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Tuesday, July 30, 2013

Sona slides below IPO price in trading debut


 Sona Petroleum Bhd fell on its debut in Kuala Lumpur after completing Asia’s biggest initial public offering by a so-called blank-check company set up to raise funds for acquisitions.

The company, which has no assets or track record, dropped 18 per cent to 41 sen as of 11.05am in Kuala Lumpur trading, down from its offer price of 50 sen. The benchmark FTSE Bursa Malaysia KLCI Index retreated 0.3 per cent, declining for a fourth day.

Sona, which is betting on its management team to find oil and gas investments, drew RM3.4 billion from investors, six times more than RM550 million raised, according to managing director Datuk seri Hadian Hashim. The former Royal Dutch Shell Plc, like other industry veterans, are setting up these special purpose acquisition companies or SPACs to buy assets from the IPO proceeds.

"The nature of SPACs is that the upside isn’t immediate," said James Lau, director of portfolio investment at Pheim Asset Management Sdn, said in an interview in Kuala Lumpur. "The softer market conditions also didn’t help."

The other two SPACs in Malaysia, Hibiscus Petroleum Bhd and CLIQ Bhd, also declined on their debuts.

SPAC creators include Gil Amelio, former chief executive officer of Apple Inc, and Tony Hayward, one-time CEO of BP Plc whose blank-check entity, Vallares Plc, raised US$2.15 billion in 2011.

Kuala Lumpur-based Sona aims to compete with private-equity funds as it seeks out deals. The board is evaluating oil and gas acquisition proposals, said Hadian, who has more than 30 years of experience in the industry and is chairman of Malaysia’s Integrated Petroleum Bhd.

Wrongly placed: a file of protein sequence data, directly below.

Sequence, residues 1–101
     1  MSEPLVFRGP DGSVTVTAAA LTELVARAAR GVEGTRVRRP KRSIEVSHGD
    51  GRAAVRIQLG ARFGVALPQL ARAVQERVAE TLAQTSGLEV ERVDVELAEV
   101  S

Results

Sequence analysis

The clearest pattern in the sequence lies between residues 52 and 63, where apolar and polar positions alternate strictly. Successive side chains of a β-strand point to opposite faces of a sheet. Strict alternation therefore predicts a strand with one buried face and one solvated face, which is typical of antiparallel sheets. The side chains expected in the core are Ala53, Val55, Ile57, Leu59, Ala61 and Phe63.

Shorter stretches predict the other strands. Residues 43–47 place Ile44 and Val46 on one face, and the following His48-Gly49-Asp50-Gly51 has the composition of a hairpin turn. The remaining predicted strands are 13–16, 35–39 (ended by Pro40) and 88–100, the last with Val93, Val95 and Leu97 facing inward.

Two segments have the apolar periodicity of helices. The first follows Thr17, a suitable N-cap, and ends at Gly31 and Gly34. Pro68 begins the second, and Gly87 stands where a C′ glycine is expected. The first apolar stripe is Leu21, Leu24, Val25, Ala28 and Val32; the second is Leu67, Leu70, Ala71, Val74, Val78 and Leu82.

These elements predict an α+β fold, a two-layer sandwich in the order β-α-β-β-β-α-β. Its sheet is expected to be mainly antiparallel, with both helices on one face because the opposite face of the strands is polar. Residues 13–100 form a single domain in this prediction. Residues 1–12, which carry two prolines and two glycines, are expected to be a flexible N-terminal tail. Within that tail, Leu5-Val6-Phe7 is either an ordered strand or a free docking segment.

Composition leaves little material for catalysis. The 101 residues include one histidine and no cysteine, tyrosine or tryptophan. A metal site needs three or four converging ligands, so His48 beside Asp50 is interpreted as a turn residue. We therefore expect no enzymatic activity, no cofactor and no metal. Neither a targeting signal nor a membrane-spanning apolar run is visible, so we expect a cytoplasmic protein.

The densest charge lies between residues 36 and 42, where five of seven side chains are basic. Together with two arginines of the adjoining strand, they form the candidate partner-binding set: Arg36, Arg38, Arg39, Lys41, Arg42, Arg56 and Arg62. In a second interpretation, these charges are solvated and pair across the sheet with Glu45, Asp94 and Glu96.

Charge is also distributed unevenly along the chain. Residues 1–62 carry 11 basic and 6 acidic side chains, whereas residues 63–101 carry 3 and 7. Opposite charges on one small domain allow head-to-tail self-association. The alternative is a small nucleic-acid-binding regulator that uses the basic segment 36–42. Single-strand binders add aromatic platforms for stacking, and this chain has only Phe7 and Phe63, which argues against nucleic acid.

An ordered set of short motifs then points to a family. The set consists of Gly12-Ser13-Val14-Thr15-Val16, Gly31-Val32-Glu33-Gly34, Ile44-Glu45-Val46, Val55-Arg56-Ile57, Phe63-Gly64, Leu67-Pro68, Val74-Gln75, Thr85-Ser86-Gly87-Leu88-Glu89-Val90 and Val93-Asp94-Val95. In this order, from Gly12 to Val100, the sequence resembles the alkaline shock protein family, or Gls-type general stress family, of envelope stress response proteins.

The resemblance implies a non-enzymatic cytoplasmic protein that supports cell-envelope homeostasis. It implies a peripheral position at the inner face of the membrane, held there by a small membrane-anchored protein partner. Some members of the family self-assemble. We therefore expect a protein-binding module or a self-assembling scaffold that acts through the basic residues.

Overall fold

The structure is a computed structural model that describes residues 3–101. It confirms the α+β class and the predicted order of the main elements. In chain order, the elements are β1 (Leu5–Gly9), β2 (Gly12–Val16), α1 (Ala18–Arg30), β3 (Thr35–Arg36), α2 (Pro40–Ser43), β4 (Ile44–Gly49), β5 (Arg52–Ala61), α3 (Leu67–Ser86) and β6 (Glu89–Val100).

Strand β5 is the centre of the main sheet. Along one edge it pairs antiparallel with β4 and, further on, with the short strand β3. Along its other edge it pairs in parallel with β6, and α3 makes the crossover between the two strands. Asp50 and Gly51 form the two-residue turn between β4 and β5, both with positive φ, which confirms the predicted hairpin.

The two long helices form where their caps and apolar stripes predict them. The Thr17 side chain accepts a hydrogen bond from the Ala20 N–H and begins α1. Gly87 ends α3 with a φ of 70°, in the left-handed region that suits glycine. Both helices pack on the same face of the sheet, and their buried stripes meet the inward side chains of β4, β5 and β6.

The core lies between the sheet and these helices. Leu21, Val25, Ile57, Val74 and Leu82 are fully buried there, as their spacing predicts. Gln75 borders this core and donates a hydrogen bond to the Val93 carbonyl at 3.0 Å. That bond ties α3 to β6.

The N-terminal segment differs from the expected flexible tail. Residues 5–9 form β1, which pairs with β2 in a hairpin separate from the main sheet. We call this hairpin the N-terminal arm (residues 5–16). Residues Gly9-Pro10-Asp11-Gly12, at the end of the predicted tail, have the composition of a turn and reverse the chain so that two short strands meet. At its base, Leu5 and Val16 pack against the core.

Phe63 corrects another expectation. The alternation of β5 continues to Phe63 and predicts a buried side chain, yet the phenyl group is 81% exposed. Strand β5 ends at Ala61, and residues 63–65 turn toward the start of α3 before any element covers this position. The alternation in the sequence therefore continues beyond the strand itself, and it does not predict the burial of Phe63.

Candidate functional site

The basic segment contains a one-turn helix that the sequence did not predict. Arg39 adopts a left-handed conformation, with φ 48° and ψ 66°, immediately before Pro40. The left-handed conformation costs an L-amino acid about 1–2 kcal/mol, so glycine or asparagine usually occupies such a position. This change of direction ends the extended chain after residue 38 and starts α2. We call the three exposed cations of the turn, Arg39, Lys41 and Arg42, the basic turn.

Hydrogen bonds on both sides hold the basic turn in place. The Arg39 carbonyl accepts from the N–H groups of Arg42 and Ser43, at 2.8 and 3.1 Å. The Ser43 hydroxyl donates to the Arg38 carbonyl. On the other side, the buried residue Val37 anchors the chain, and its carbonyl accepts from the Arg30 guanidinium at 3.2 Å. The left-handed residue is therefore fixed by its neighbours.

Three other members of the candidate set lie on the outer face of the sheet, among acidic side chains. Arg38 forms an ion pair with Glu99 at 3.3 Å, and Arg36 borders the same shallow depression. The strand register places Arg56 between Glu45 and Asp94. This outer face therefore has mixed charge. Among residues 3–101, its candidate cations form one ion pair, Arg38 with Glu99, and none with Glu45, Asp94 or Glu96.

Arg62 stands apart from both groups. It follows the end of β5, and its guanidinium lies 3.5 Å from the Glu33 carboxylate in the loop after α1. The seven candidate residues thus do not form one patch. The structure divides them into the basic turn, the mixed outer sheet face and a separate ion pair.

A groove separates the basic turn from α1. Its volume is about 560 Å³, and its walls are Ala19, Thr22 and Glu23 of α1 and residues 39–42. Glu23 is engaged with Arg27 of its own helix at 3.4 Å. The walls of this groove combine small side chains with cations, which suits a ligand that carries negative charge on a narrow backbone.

"We have 36 months to look for an asset and it’s to our shareholders’ interest to get it as soon as possible," Hadian, 55, said in an interview yesterday in Kuala Lumpur. "SPACs are a threat to private-equity funds because they open up a different floodgate of people that can be doing the same thing."

Malaysia has stolen a march on Singapore with regulations for SPACs ahead of its neighbor, which has a stock market that’s a fifth larger, according to data compiled by Bloomberg.

Investors in SPACs rely on the management team’s experience in a certain industry and their ability to secure deals. For the companies to succeed, operators must focus on making a profit so the stock market supports a rising valuation for the firm or asset acquired.

Should operators fail to buy an asset within three years, they must return funds to investors with interest, according to Malaysian Securities Commission guidelines.

"In their current form, we won’t buy SPACs because there’s no basis for valuation and that goes against our investment principles," said Pheim’s Lau. "But that doesn’t mean we won’t invest in such companies when their business models crystalize."

Malaysia, home to Asia’s three biggest SPACS, introduced a framework for such offerings in 2009. It’s unfair to describe them as blank-check companies because they need approval from regulators and shareholders to buy assets, Hadian said.

"Blank check means that I give you a check and I don’t know what you do with it," he said. "If the business model works in Malaysia, countries like Indonesia and Thailand that need funds to develop their resources will want to consider this option."

Singapore is still seeking industry feedback, according to Carolyn Lim, a spokeswoman for Singapore Exchange Ltd.

RHB Investment Management Sdn Bhd and London-based Davidson Kempner European Partners LLP were among six cornerstone investors in Sona’s IPO, investing a total RM135 million, Hadian said.

"When you buy SPACs, you are betting on the management’s ability to deliver returns," said Ang Kok Heng, chief investment officer at Phillip Capital Management Sdn, where he helps manage US$428 million. "We bought some of Sona’s shares because we like the management."

Datuk Yusli Mohamed Yusoff, former CEO of exchange operator Bursa Malaysia Bhd, now heads Australaysia Resources and Minerals Bhd, which filed a prospectus to list as a SPAC.

"The guidelines are fair," Yusli said in a July 26 interview, predicting more of such share sales. "They provide entrepreneurs the opportunity to tap the market, while at the same time safeguard investors’ investments."-- Bloomberg

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